- Session management
- Upload management
- Cross-site request forgery
- XML external entity
This is a simple list, and there are many more web vulnerabilities. OWASP maintains a project that lists the Top 10 web vulnerabilities over the years.
Web Applications Differences
Almost all common web security flaws could occur in any web application. However, it is important to pay attention because different web applications may need to be treated differently. Examples:
- eCommerce: Besides common vulnerabilities, an eCommerce system must be tested looking for compliance and the pentester needs to pay attention in the coupon and cart subsystem and the CC storage;
- Health: In a health system, user data is very important and should not be leaked. There are also many laws and regulations on personal health data.
Every web application must be treated as unique, looking for its industrial sector guidelines, standards, and requirements.
Good Study Materials
There are some great resources when getter deeper into web application penetration testing, depending on your needs. There are some great pathways, books, and labs, to name a few.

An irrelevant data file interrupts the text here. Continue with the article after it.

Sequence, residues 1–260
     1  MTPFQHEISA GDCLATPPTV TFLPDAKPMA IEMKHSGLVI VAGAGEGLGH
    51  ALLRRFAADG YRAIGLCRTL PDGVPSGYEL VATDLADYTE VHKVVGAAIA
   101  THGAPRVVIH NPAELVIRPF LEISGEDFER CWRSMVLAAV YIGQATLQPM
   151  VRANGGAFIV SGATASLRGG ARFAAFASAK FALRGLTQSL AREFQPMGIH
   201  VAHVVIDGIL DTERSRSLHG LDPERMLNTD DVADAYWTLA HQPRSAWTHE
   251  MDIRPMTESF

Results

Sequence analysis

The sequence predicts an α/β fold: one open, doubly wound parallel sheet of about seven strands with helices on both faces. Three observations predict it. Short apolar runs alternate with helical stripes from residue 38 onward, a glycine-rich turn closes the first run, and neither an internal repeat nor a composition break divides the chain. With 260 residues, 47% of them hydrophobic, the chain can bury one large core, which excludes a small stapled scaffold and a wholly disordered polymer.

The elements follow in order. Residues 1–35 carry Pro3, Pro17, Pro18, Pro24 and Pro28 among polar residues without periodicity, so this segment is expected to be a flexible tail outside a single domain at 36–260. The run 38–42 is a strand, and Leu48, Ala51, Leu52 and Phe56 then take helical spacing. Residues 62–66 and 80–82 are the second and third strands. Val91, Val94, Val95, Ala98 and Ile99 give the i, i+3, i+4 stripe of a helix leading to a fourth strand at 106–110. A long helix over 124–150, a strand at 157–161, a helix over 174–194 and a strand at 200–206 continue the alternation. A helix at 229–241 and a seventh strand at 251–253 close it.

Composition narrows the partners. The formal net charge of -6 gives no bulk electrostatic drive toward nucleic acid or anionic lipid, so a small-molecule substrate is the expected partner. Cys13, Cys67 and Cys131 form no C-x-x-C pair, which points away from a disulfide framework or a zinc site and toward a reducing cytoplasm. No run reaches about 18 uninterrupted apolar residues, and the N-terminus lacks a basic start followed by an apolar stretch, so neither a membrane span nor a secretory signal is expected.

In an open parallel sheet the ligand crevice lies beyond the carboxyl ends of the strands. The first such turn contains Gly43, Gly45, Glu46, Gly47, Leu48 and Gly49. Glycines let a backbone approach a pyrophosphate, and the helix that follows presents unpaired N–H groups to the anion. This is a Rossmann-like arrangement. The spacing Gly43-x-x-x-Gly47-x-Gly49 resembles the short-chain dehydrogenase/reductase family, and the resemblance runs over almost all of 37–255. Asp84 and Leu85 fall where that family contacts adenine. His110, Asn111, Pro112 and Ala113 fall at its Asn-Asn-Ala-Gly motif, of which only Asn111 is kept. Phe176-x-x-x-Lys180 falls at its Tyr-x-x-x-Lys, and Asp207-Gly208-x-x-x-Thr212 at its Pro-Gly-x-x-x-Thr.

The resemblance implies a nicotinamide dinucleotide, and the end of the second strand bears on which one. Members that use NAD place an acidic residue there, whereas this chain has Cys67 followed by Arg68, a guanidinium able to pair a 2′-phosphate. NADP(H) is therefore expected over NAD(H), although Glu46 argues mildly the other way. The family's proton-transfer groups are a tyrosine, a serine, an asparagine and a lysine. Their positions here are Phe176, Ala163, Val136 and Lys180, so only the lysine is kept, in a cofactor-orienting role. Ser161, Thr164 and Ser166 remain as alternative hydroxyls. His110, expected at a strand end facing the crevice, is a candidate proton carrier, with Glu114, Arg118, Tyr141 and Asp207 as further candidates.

A good way to learn is following a pathway with topics approached strategically in materials and labs. In Cybrary, there is the Penetration Tester Career Path.
The de facto book about web penetration testing: The Web Application Hacker’s Handbook, written by Dafydd Stuttard and Marcus Pinto. Nowadays, they maintain the Web Security Academy by PortSwigger.
Of course, there are many things to learn, depending on your needs and available time. Fundamentally, it is important to learn how the web works. Then, you can learn how to subvert these things and how to break them. Finally, it is important to remember some key points:
- Most web applications are different from each other.
- Every entry point can lead to a vulnerability.